Choosing an Operating SystemEdit
This isn't as big a deal for most users as choosing a processor or video card. However, it is an important choice, even if it's just the choice between 32-bit and 64-bit versions. A carefully chosen OS can help to make the entire computer run more smoothly, and can also hel you to take advantage of the hardware in it.
Currently, for the vast majority of computer users, Microsoft's Windows operating system is the system of choice. It comes preinstalled on virtually every non-Apple OEM computer, and many people that build their own computers choose Windows as well. It has the largest library of compatible applications and games as well. If you're building a computer to play games on, chances are that it's going to be a Windows-based system.
The current version of Windows is Windows 7. This version of the OS lauched in mid-2009, and has steadily inscreased in market share, finally overaking the venerable Windows XP in late 2011.
Linux is another option for an operating system, though most Linux users tend to be more computer-literate. Linux is unique in that it is an Open Source operating system. This means that the end user can rewrite the code that forms the basis of how the OS operates. Granted, it takes a great deal of skill to do this, but the ability is there. The accessibility of the source code means that Linus is widely considered to be the most secure option available. The server and database industry, as well as the vast majority of supercomputers run forms of Linux. In fact, the 2009 hit movie Avatar was rendered on computers running Linux.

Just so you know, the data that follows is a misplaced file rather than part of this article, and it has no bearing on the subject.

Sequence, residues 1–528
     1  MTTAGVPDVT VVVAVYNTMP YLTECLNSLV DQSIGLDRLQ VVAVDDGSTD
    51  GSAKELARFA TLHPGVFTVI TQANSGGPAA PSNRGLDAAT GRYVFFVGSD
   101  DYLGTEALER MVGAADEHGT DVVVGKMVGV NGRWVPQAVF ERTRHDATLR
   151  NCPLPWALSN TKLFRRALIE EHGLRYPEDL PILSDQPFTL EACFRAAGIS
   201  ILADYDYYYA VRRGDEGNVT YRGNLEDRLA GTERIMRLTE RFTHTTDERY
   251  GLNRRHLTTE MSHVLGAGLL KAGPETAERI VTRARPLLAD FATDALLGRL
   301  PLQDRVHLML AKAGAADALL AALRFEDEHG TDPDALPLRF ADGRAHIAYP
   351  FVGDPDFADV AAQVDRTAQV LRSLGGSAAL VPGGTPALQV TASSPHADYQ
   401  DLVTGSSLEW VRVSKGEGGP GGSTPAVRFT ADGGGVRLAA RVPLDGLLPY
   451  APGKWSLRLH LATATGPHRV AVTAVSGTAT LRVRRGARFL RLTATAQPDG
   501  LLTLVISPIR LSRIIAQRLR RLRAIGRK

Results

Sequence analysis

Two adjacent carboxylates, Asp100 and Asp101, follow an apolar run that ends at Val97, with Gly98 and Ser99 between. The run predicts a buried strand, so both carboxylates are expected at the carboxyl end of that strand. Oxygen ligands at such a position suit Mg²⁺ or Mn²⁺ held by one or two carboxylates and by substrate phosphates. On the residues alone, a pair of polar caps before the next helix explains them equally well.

Linux comes in many different versions, called distributions. The Linuxwebsite maintains a list of the most popular distibutions and also links to their respective websites. The most popular Linux distribution is called Ubuntu.
If you own a PC manufactured by Apple Computer, it came with Mac OSX installed. The current version is actually 10.7, known in the community as Lion. One way in which the Apple OS differs is that the End-User License Agreement stipulates that the software can only be run on hardware manufactured by Apple themselves. Many user get around this by building Hackintoshes, computers that have been altered, either through software or hardware to run the Apple OS. Apple doesn't approve of this practice, and there have been lawsuits against the practice. Needless to say, if you run a Hackintosh, you probably don't want to take it to the Apple Store for help.
Depending on your hardware, your options could be limited as to what you can run efficiently.